Tribune Staff Reporter


THE Court of Appeal yesterday quashed the 27-year sentence of a man who was accused of robbing and killing another man in Exuma seven years ago.

He appealed his case on the grounds that a confession statement admitted in court was not given or signed by him and that he was oppressed by police during questioning.

His appeal was granted almost one year after his co-accused had his 20-year manslaughter sentence overturned by the panel for the same crime.

In 2014, Giordano Rolle Jr and his co-accused Demetri Rolle were said to have stolen a gold chain, gold watch and a sum of cash from Dwayne Nixon before fatally shooting him in his Exuma residence.

In March 2017, a jury unanimously convicted Rolle Jr of murder, and by a verdict of 10-2, the jury also convicted him of armed robbery. A year later, the appellant was sentenced to 27 years imprisonment for murder and 12 years for armed robbery. Both sentences were ordered to run concurrently and took effect from the date of his conviction.

Rolle Jr recently appealed his sentence after arguing that the conviction was “unsafe and unsatisfactory” as the judge had erred in law when she “wrongfully exercised her discretion by ending the voir dire and admitting the record of interview” into his case.

Yesterday, Justices Maureen Crane-Scott, Roy Jones and Milton Evans quashed the appellant’s conviction after ruling the facts of the case left them with “lurking doubts” regarding the fairness of Rolle Jr’s trial.

According to their judgement, the evidence presented against Rolle Jr consisted of “adverse statements” which were allegedly made in response to police questioning and then recorded in a record of interview. The panel said during the proceedings, the prosecution also produced a signed confession which police alleged was taken from the appellant right after their interview with him.

“Before the Crown’s evidence was led before the jury, counsel for the appellant challenged the admissibility of the statements on the ground that the statements attributed to the appellant were obtained by oppression and further, that the signatures which appeared on the record of interview and confession statement respectively, were not his,” the court documents read.

“The judge commenced a voir dire to investigate the issues. However, after the appellant had testified, the judge prematurely terminated the voir dire inquiry being of the view that the issue of voluntariness was no longer in issue because during his cross-examination, the appellant had admitted that the confession statement was not made or signed by him.”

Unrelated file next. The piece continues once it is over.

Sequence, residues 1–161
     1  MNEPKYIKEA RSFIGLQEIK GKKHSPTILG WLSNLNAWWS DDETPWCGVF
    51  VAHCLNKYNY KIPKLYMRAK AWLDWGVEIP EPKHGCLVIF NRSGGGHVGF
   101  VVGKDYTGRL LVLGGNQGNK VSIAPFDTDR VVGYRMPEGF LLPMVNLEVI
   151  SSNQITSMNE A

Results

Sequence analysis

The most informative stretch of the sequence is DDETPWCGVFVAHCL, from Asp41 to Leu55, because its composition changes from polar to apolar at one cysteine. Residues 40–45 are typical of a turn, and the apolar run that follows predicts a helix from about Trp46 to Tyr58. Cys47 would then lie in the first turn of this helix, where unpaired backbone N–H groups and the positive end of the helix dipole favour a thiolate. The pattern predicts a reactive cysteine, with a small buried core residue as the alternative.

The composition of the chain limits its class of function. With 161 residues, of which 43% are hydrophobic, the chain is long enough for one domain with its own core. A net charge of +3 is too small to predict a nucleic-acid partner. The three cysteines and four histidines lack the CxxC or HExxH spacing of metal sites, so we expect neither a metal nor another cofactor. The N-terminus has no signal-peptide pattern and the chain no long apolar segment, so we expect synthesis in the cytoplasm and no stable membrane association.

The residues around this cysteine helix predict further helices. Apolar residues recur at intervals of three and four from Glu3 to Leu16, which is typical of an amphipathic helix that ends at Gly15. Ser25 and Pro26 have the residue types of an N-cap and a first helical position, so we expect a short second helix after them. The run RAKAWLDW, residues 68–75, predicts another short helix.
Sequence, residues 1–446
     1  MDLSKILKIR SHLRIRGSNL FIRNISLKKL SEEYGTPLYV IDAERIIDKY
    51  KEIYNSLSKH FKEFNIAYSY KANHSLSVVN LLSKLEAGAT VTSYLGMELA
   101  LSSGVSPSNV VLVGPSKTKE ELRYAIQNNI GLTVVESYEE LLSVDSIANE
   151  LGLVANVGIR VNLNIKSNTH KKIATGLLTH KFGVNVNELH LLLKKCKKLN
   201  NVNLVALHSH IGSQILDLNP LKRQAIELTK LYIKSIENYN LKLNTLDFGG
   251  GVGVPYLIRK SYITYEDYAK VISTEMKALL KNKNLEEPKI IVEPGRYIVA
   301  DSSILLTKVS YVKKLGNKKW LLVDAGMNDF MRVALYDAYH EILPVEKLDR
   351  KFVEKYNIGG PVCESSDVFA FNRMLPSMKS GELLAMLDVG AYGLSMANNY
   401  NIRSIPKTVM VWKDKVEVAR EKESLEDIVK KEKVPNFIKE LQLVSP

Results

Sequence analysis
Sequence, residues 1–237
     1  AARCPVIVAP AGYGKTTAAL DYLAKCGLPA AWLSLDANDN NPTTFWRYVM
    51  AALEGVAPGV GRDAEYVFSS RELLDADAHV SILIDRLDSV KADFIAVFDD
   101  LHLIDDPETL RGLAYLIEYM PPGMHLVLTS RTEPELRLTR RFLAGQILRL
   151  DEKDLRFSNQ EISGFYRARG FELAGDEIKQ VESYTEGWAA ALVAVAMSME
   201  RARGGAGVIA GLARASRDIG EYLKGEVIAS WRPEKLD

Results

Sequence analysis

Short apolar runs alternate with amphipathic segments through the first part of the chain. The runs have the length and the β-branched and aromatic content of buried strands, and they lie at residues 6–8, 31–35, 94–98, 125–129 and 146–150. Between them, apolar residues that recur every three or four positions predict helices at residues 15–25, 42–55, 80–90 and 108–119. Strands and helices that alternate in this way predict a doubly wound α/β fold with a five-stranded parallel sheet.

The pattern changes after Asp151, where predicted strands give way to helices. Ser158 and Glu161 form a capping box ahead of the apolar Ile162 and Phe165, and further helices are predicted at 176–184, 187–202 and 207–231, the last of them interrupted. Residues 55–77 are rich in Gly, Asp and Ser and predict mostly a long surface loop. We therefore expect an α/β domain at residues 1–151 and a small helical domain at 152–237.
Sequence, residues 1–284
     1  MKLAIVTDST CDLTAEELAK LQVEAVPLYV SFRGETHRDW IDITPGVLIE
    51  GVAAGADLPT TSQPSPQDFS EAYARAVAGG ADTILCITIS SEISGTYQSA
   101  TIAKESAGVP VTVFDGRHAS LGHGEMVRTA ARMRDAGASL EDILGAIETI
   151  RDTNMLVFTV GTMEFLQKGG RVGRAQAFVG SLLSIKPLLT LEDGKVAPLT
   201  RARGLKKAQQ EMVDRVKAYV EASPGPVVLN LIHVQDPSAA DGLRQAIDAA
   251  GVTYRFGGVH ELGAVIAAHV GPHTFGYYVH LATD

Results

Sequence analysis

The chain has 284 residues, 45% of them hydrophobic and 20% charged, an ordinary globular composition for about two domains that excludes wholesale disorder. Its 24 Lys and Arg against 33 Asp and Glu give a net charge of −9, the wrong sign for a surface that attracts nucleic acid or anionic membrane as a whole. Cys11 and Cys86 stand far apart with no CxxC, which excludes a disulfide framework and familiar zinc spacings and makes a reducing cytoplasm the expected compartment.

The justices said during the voir dire, it was also revealed that a video recording of Rolle Jr’s interview, in which the record of interview and caution statement had been obtained, had not been disclosed to the defence.

After this issue was brought to the judge’s attention, the DVD of the recorded police interview was handed over to Rolle Jr’s counsel. By that time, the voir dire was already in progress since his attorney had already finished his cross-examination of one of the police investigators and was half-way through cross-examining the other.

“On learning of the DVD, the judge repeatedly indicated her unwillingness to adjourn the matter and, in the end failed to redress the obvious prejudice to the defence by, for example, ordering a short adjournment to permit defence counsel the opportunity to view the video-recording or to recall witnesses who had testified,” the panel noted.

“In due course, when the main trial resumed, both impugned documents were given in evidence before the jury. Ultimately, the jury found the appellant guilty of murder and armed robbery.”

In their judgement, the justices said that after they gave “anxious consideration to the submissions and all the circumstances of the case,” they were “left with lurking doubts about the fairness of the appellant’s trial and the safety of his conviction.”

“The appellant denied having authored or signed the record of interview or the written confession. Undoubtedly, his denial raised issues of fact for the jury’s determination. However, that was not the appellant’s only claim. This was a case where the appellant also alleged that both documents attributed to him were involuntary and inadmissible due to the police oppression which had immediately preceded the interview where they were obtained.

“That allegation and the appellant’s testimony, clearly also raised for the judge’s determination the crucial issue of voluntariness of both documents which could not be overlooked, and which required a ruling from the judge as to admissibility. Given the appellant’s various claims, the mere fact that the appellant had admitted in cross-examination that he did not give any information to the police and had not signed either document, did not entitle the judge to prematurely terminate the voir dire on the basis that those were factual issues for the jury and that there was accordingly, no longer any need for a voir dire.’

In her closing statements Justice Crane-Scott stated: “For all these reasons we allow the appellant’s appeal. His conviction for murder and armed robbery are quashed, together with the associated sentences. We will hear the parties on whether this is an appropriate case to order a retrial. Written submissions on the appropriateness of ordering a retrial shall be filed on or before March 22.”

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